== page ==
It is never pleasant, as the incumbent discovered last night when both audience and host put him through the wringer. This was Turnbull returning to the platform he once graced with the leather-clad confidence of Arthur Fonzarelli punching a jukebox to life on Happy Days. The burning question? Had he, as Fonzie taught us all heroes eventually do, jumped the shark?
Well, as it happened, a flu-ridden Turnbull – rendered additionally sedate by a campaign mode summed up by a commercial asking voters to give his “mob” another go “for a while” – appeared in no shape to jump a shark or anything much else. His task, by these standards, was to jump the 75 minutes in front of him without crashing into anything and in this he mostly succeeded.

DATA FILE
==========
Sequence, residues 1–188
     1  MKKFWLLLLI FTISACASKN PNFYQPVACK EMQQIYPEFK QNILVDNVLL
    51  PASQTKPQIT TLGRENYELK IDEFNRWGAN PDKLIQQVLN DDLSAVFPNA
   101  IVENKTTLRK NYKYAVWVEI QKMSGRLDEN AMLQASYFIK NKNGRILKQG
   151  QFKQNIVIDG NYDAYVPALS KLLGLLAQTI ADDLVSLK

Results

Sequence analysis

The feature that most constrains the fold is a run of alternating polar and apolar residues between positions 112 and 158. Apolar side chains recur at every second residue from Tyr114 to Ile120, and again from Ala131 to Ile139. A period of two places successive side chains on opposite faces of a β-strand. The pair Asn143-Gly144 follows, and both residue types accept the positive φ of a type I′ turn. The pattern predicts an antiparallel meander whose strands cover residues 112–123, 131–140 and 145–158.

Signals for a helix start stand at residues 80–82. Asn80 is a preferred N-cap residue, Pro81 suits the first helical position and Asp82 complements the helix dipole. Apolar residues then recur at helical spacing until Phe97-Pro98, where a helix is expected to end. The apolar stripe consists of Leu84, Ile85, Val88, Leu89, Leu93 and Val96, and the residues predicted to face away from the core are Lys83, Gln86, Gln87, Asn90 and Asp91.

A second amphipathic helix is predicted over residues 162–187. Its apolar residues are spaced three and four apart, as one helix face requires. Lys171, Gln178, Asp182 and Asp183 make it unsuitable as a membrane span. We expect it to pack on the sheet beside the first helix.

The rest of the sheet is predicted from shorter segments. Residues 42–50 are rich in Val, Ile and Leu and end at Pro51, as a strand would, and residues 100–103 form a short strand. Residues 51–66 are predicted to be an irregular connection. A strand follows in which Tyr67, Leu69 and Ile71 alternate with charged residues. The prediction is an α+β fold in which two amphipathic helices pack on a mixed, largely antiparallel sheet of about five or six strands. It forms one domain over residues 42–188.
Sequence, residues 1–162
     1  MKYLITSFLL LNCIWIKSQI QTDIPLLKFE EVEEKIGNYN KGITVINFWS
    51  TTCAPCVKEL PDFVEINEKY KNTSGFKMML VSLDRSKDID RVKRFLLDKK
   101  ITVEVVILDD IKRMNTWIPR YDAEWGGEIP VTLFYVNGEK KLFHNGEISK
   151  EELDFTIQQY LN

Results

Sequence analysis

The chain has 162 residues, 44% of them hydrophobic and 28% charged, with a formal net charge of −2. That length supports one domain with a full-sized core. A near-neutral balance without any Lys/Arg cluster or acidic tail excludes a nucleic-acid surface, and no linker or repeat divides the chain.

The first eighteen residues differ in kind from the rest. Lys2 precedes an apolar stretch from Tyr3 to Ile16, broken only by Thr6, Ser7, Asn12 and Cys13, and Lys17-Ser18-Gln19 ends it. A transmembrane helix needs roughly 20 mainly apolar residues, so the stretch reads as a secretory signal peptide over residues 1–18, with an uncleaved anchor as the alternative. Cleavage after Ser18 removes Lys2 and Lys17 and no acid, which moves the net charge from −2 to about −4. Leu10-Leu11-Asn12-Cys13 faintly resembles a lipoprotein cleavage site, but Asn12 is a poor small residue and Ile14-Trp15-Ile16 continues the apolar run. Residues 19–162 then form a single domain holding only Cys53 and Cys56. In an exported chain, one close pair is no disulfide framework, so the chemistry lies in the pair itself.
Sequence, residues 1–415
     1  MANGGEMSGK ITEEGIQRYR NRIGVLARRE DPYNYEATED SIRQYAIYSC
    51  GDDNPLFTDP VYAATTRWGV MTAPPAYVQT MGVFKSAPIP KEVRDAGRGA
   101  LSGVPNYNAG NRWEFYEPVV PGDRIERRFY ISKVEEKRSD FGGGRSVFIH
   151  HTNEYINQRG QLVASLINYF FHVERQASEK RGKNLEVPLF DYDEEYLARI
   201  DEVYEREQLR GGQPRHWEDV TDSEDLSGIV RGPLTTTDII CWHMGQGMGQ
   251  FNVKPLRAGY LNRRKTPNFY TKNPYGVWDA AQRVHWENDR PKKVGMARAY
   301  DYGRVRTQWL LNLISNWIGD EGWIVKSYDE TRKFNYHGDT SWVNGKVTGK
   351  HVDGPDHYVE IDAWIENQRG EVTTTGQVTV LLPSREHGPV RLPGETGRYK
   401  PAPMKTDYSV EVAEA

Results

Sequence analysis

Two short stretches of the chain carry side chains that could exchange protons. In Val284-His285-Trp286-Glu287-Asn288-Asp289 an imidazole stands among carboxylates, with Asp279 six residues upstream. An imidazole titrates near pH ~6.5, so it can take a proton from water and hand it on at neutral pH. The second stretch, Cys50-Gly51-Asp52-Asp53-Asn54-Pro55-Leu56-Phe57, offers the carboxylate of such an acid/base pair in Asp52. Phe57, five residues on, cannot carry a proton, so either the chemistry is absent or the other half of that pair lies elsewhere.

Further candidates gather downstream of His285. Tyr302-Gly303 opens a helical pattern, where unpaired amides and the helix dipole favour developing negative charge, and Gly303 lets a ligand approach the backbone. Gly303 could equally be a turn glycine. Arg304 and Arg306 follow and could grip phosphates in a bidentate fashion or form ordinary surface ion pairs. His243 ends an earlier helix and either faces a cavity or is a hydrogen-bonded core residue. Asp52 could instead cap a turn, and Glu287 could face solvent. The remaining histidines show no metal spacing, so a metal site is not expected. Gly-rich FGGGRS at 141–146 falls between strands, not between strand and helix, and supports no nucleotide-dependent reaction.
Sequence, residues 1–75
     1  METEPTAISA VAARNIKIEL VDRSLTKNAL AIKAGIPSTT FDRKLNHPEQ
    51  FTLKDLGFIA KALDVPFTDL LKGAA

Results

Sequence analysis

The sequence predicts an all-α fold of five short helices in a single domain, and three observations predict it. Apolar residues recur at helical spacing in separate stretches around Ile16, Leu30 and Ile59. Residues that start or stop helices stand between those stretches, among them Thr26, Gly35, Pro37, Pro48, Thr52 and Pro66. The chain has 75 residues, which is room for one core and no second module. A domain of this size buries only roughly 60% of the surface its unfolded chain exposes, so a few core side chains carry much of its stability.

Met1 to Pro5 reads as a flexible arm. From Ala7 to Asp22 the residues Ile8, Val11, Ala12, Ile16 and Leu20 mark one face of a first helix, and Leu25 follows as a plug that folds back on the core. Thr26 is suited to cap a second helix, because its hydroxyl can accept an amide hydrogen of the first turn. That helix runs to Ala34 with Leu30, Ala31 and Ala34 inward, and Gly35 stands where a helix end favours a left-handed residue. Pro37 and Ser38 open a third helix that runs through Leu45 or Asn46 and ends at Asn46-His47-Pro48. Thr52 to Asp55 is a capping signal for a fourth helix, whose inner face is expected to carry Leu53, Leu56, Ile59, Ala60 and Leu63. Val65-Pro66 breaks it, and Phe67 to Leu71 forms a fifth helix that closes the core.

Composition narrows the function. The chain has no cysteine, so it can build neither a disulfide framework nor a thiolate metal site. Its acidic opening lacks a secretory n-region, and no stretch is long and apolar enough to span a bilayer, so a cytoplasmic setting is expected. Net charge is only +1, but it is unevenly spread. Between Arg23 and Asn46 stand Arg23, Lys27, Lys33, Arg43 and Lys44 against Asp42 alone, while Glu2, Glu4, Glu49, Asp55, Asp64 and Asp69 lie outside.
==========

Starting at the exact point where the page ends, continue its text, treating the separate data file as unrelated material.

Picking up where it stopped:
The questions came thick and fast: deals with his party’s right wing; promises on Medicare; the “never-never” ambition of surplus pledges; tax reform; trickle-down economics; mental health; the NBN. None of these was to be unexpected, and there were no real surprises in the replies.
But anticipated questions were still able to put the PM on the spot.
There was the left-field video question submitted by Behrouz Boochani, an asylum seeker on Manus Island, whose challenge – ‘What is my crime?” – had Turnbull scrambling. “I don’t know anything about his personal circumstances,” he pleaded. Having been briefly enlightened by Tony Jones, Turnbull fell back on familiar recitation of “stop-the-boats” policy. The next question – would the PM visit the Manus “concentration camp” – brought this response: “Thank you for that invitation”, but no indication he would accept it.